He clinched his teeth so that the tears streamed in a flood from his eyes.
“Oh… my baby girl, all I had, all I wanted!… Oh, my girl, come back, come back! I need you… need you… We’re so pitiful… just misery we brought each other… She’ll be shut away from me… I can’t see her; I can’t be her friend. It’s got to be that way—it’s got to be—”
And then again:
“We’ve been so happy, so very happy…” (216)
Perhaps Amory is so affected by his broken love affair that he could talk in this sophomoric fashion. The effect of this speech on the reader, contrary to what Fitzgerald seems to expect, is one of embarrassment— embarrassment for the novelist. And when he says that there had been “so much dramatic tragedy” for Amory, one is convinced that Fitzgerald has attempted and expected an effect which he does not get. What the reader has seen is certainly not tragedy and not very good drama.
Again, in preparing the scene for the meeting of Eleanor and Amory, Fitzgerald’s diction and imagery suggest an attempt at dramatic profundity which does not succeed:
But Eleanor—did Amory dream her? Afterward their ghosts played, yet both of them hoped from their souls never to meet. Was it the infinite sadness of her eyes that drew him or the mirror of himself that he found in the gorgeous clarity of her mind? She will have no other adventure like Amory, and if she reads this she will say:
“And Amory will have no other adventure like me.” (238)
The tone created by Fitzgerald’s language is struggling for a far more serious effect than is actually achieved in the scene. And when Eleanor and Amory take their final parting, Fitzgerald writes:
Their poses were strewn about the pale dawn like broken glass. The stars were long gone and there were left only the little sighing gusts of wind and the silences between… but naked souls are poor things ever, and soon he turned homeward and let new lights come in with the sun. (258)
The dramatic details and images, like those of the beginning of this scene, betray the romantic haze through which Fitzgerald conceived his characters and their struggles.
Fitzgerald’s inability to remain detached and uninvolved interfered, naturally, with the development of the theme of This Side of Paradise. In order that the revolt of his generation be made comprehensible and convincing, it was imperative that Fitzgerald present his youth objectively. The precise nature of the revolt undertaken by the youth never clearly emerges. There is, presumably, a “questioning aloud the institutions” (131) of all phases of American life, including educational, religious, political, and moral. But the questioning remains submerged. only half articulated, lost in a multitude of cross purposes.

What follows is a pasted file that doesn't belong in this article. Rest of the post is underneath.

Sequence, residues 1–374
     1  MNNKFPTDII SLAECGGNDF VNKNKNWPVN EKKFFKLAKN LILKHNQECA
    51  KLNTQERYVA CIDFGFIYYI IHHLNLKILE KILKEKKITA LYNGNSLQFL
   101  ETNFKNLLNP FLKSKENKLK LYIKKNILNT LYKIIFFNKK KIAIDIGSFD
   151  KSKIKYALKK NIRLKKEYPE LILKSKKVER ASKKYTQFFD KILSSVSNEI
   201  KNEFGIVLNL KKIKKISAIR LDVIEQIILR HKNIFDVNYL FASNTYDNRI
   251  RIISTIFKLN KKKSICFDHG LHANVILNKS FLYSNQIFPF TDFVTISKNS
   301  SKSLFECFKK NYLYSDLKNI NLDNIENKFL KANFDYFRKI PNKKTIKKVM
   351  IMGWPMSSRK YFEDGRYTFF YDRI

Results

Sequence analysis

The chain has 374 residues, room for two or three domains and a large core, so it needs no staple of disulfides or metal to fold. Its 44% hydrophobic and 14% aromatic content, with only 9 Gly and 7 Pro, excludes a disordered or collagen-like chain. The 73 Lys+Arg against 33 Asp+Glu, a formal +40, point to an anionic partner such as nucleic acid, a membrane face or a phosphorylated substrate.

Much of the “revolt” seems on the periphery rather than at the center of the novel. There is Burne Holiday’s objection to the social system represented by the clubs at Princeton. But this “did not seem such a vital subject as it had in the two years before” (134) to Amory. There is Amory’s periodic religious questioning. In a letter to Tom D’lnvilliers after the war he says, “I confess that the war instead of making me orthodox, which is the correct reaction, has made me a passionate agnostic… This crisis-inspired religion is rather valueless and fleeting at best.” (176) And at the end of the book, the reader is told that “there was no God in his [Amory’s] heart.” (304) Even in the long monologue in which Amory presents the case for socialism to the Capitalist and his Sycophant (Mr. Ferrenby and Garvin are more symbols than characters), it is all on the spur of the moment and the theories which Amory expresses are mixed up in his mind with “the richest man [getting] the most beautiful girl if he wants her.” (299)
But the aspect of the revolt best remembered is the “questioning of moral codes.” (66) Fitzgerald wrote of his generation: “None of the Victorian mothers—and most of the mothers were Victorians—had any idea how casually their daughters were accustomed to be kissed.” (64) The “revolt” seldom goes much beyond the kiss. When Amory goes on his trip with the Princeton musical comedy, he sees “girls doing thing that even in his memory would have been impossible.” (65) And what are these acts that seem so shocking? “Eating three-o’clock, after-dance suppers in impossible cafes, talking of every side of life with an air half of earnestness, half of mockery, yet with a furtive excitement that Amory considered stood for a real moral let-down.” (65)